Altar Steps


altar steps

A few weeks ago, Father George wondered why one of the steps leading up to the old back-facing  altar was wider than the others. SFDS Alum Ted Deady  “won the T-shirt” for explaining an old tradition. His brother John recaps:

Before Vatican II, “seminarians were ordained as subdeacons  at the end of third year theology (spring) and deacons at the beginning of fourth year theology (fall) before ordination to the priesthood…” In a strongly hierarchical age, these titles reflected the end of a long progression of ranks towards Holy Orders: from tonsured cleric to the minor orders of porter, lector, exorcist, then acolyte; then, finally, the major orders of subdeacon (who assisted the deacon), deacon (who assisted the priest), priest, and later, possibly, bishop.

John notes that in the strictly-choreographed Solemn Mass of the old Latin Rite,  these distinctions were significant: “the deacon would stand on that (wide) step during the Mass and the subdeacon was relegated  to the floor to wait his turn until he could move on up. At De Sales I think we had a Solemn Mass every Sunday at 11:00 when the choir also performed and we certainly didn’t spare the incense. Most funerals were also Solemn High Masses”

Why were sanctuary steps important? First, the raised sanctuary floor separated the holier part of the church from the congregation. Then, a symbolic number of additional steps — three; five, as in our church; or seven — led up to the holiest place, the platform called the predella, on which stood the altar and Tabernacle. Why was it raised? Think of a holy mountain: Moses on Mount Sinai; the Sacrifice of Abraham; the Transfiguration; and Calvary.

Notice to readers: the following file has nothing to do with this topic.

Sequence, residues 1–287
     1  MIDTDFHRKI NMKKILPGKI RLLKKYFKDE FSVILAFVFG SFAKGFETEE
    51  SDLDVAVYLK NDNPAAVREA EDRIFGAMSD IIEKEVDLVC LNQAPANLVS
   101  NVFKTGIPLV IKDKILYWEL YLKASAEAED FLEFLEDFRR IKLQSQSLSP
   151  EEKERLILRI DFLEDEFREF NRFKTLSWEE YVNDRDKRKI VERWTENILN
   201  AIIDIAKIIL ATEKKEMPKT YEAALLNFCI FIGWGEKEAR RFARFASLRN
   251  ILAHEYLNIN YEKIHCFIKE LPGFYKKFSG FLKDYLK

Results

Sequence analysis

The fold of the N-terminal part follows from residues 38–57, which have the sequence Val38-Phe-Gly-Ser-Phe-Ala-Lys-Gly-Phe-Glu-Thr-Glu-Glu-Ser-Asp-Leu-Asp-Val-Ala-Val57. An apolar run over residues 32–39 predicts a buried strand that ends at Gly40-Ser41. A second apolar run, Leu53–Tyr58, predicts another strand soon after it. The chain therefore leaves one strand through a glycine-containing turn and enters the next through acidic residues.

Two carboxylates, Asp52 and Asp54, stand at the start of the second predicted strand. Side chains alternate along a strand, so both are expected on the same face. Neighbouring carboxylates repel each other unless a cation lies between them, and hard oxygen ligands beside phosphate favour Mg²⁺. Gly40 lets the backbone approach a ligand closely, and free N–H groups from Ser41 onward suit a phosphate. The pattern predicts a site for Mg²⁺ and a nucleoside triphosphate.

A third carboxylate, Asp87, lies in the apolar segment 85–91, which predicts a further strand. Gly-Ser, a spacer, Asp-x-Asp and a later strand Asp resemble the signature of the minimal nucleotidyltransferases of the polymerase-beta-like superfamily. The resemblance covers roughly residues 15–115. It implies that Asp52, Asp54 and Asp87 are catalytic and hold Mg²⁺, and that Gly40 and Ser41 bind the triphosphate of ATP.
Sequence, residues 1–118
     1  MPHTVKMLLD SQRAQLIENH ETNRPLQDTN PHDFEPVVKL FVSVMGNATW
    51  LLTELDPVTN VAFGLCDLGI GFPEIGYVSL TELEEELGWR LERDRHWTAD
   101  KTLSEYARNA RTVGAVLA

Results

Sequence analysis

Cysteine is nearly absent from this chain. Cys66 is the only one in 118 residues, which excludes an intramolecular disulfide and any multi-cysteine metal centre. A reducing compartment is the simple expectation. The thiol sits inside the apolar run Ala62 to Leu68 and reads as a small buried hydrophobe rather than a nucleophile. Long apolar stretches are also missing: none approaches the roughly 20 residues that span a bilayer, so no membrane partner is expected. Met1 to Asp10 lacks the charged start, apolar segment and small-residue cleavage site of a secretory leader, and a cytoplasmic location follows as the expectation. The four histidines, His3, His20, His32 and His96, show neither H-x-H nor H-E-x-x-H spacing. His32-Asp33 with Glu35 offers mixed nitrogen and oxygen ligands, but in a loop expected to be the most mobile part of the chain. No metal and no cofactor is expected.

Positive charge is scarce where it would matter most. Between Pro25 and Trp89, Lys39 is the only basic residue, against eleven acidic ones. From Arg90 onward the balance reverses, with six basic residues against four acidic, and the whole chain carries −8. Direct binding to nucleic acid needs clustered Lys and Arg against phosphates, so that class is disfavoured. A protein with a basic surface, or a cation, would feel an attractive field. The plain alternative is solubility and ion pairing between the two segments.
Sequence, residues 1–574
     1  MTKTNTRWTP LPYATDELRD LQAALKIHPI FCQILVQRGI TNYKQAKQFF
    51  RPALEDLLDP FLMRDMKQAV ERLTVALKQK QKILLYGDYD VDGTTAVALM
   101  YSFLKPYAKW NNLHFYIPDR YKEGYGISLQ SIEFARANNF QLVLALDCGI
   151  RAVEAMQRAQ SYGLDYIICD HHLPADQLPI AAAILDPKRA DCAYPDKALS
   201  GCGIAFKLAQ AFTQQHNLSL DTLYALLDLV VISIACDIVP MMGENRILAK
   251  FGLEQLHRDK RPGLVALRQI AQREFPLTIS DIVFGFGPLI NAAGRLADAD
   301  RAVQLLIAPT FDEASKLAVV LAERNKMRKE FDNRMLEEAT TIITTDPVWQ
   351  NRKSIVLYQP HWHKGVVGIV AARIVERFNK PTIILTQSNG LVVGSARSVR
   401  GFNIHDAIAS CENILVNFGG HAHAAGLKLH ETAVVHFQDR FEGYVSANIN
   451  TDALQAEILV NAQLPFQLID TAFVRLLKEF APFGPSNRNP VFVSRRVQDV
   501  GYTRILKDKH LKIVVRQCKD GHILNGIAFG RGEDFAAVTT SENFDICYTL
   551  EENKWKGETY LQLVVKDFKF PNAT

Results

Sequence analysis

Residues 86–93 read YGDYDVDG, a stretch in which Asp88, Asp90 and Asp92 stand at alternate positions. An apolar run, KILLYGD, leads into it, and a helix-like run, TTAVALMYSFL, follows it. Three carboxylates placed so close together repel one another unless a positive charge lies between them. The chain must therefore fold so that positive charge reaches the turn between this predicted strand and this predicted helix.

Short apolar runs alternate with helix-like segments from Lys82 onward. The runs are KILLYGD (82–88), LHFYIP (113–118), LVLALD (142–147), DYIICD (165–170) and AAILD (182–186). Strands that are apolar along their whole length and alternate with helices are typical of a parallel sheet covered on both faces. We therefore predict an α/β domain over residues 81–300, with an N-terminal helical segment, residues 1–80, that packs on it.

The arrangement of the steps was echoed outdoors. At the front of our church, from the sidewalk, which was open to everyone, several steps led up to a wide platform – like the floor of the sanctuary –  where the faithful could gather, before ascending more steps (all equal width this time) to the doors they would enter to participate in the sacrifice of the Mass. The doors were configured like the altars inside: a big wide entrance in the middle, with a smaller one on each side. Art Historian Richard Stemp notes: “The doors to a church are not just a physical entrance; they also function spiritually as part of the path towards redemption…” — a good argument for finishing the restoration!


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